I didn’t really intend to play Shadowbringers. I thought I was done with Final Fantasy XIV forever, actually. But a few things combined to get me back in this game.
- Everybody in the universe is talking about playing FFXIV right now. The explosion in popularity this summer is ridiculous, which I mistakenly took to be a pre-expansion fervor, but is actually the result of a large number of popular streamers switching from World of Warcraft to FFXIV. Occasionally you still hear people mention Guild Wars 2 or World of Warcraft, but FFXIV is the MMORPG to play.
- I wanted something to distract me from all the time and energy I was wasting on Nioh.
- I can afford to subscribe again.
As of this writing, I’ve just reached level 72. Shadowbringers begins with a choice of which zone to start in, as so many MMORPGs do these days. “Illusion of choice” and all that. I started with Alisaie’s quests in the desert, which were pretty short, and then I did Alphinaud’s quests in the bread-and-circuses zone, which are considerably longer. That was the wrong order to do them, according to the Journal, but Alisaie’s were more impactful, though the desert zone was far less visually attractive.
I haven’t yet seen much evidence of The Greatest Final Fantasy Story Ever yet, but the short tale of Tesleen at the Inn at Journey’s End was pretty good, touching on themes of hospice, suffering, and euthanasia, extremely adult topics that older folk like me can relate to.
Alphinaud’s introductory story was the typical rich-versus-poor class warfare story, and the sinister evil lurking behind the posh veil of opulence that we’ve seen a million times before, so it was pretty stock-standard. (Would it kill writers to make a story where the rich people are in the right, and the poor people are in the wrong?) Cool music there, though.
Beyond that, the overarching story is a lofty one about worlds colliding and Sources and Firsts and Calamities and mythical high fantasy mumbo-jumbo that doesn’t really mean anything to normal humans. Saving the world and whatnot, the standard trope that’s impossible to relate to. Who cares if a world full of nobodies that we’ve never met dies? Who cares if there’s another Calamity? Not me, that’s who. Not yet, at least. Eorzea survived the last Calamity just fine. This time, though, supposedly the Warrior of Light (that’s the player) is going to die if we don’t do something, but there couldn’t possibly be a less motivating story motivation in a game. Obviously the player isn’t going to die (not in a story sense, at least). I would have known that even if I hadn’t already known about Endwalker.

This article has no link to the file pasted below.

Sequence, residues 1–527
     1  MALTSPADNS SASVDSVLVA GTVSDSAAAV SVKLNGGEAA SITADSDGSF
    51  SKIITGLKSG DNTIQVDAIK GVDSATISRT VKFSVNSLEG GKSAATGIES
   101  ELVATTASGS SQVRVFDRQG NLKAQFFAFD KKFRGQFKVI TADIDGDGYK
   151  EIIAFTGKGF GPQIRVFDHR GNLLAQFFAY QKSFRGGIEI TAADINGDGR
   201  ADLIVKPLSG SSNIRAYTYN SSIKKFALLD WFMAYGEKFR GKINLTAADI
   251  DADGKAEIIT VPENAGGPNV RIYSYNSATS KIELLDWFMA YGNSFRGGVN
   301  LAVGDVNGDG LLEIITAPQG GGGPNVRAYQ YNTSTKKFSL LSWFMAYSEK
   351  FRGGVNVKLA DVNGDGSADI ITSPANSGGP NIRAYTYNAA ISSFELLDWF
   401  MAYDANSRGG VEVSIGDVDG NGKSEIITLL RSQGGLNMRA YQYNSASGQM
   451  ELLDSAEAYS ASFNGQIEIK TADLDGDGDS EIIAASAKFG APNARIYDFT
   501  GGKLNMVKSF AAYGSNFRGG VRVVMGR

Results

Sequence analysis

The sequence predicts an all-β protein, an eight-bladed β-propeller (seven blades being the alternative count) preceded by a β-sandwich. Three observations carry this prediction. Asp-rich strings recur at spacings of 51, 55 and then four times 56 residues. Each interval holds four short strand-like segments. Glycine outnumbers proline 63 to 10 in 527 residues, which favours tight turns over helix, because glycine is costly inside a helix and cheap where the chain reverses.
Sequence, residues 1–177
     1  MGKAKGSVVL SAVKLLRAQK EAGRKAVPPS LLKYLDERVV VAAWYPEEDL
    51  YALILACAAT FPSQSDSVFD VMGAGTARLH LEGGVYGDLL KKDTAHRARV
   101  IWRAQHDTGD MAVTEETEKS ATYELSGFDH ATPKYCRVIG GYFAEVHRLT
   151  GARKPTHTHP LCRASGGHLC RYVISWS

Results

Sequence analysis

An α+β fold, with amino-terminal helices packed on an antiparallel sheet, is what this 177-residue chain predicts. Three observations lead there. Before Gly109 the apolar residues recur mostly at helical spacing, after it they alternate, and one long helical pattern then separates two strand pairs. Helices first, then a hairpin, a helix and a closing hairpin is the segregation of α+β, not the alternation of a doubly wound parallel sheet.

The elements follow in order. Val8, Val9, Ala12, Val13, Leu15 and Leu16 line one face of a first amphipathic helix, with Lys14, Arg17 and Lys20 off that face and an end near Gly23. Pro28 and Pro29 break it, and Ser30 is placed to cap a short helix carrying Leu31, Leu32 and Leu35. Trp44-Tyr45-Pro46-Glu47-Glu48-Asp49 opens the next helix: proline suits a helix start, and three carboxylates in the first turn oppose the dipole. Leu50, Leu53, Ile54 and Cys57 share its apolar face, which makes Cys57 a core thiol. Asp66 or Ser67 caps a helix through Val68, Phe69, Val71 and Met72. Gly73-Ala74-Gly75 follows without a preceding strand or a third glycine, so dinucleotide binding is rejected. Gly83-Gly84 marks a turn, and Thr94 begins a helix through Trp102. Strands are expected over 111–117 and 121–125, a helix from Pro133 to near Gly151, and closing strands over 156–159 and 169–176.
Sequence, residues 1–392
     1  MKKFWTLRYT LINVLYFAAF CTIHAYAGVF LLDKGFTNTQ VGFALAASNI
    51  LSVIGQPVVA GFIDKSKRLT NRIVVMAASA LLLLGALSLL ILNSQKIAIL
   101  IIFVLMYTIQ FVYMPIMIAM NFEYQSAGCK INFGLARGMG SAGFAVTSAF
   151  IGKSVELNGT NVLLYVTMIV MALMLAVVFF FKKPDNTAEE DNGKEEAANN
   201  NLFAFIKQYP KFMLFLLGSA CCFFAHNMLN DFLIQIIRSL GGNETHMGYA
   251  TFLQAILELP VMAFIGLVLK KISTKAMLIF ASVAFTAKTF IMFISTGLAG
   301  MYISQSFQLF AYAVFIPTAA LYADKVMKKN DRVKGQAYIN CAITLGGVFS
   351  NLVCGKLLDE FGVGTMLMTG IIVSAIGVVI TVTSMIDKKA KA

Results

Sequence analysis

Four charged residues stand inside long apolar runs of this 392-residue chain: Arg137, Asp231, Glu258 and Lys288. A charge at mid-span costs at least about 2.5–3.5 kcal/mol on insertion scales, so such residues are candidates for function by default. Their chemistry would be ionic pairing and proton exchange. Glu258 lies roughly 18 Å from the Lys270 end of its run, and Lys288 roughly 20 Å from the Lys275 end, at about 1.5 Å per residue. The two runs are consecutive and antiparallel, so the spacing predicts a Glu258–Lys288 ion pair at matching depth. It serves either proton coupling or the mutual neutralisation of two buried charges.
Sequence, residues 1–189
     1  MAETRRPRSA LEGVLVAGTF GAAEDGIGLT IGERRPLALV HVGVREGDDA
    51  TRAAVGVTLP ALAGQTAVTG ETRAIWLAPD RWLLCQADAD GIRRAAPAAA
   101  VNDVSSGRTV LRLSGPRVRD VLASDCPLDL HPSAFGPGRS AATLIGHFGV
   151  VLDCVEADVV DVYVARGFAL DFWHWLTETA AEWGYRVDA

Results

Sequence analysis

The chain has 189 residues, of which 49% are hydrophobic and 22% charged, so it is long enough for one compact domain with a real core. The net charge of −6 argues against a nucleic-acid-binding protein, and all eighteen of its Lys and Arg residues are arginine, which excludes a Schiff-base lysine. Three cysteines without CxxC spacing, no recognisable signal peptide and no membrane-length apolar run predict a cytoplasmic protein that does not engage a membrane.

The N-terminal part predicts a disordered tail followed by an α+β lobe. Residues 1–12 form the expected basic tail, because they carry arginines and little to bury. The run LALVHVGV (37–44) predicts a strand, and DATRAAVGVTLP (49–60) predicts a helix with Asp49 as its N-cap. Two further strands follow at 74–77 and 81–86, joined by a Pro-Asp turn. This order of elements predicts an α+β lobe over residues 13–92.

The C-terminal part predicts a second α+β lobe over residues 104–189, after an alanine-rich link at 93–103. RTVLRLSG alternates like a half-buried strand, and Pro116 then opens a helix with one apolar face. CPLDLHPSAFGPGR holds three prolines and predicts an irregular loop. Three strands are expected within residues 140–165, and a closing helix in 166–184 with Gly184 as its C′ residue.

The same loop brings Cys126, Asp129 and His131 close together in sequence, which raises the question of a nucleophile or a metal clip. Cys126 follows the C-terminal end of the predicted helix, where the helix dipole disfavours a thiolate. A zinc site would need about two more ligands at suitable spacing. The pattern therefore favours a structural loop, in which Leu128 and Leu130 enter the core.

Anyway it’s an enjoyable way to pass the time. The voice acting is good, the cut scenes are the standard FFXIV fast-and-cheap-to-make machinima. I liken Final Fantasy XIV cut scenes to watching a puppet show. Never really understood why people complain about them. Nobody ever complains about awkward movements in puppet shows.
The only question is, what’s going to happen when I get to the first dungeon? On that, my entire FFXIV future depends.
I can answer that already: I just completed Holminster Switch, the first dungeon, with Alphinaud, Lyna, and the Crystal Exarch (NPCs). Yes, a solo dungeon run. Best thing that’s been added to the game since the semi-anonymous Alliance Raids. Trust System: It’s all the tedium and repetition of a real dungeon experience, without any of the waiting or humans.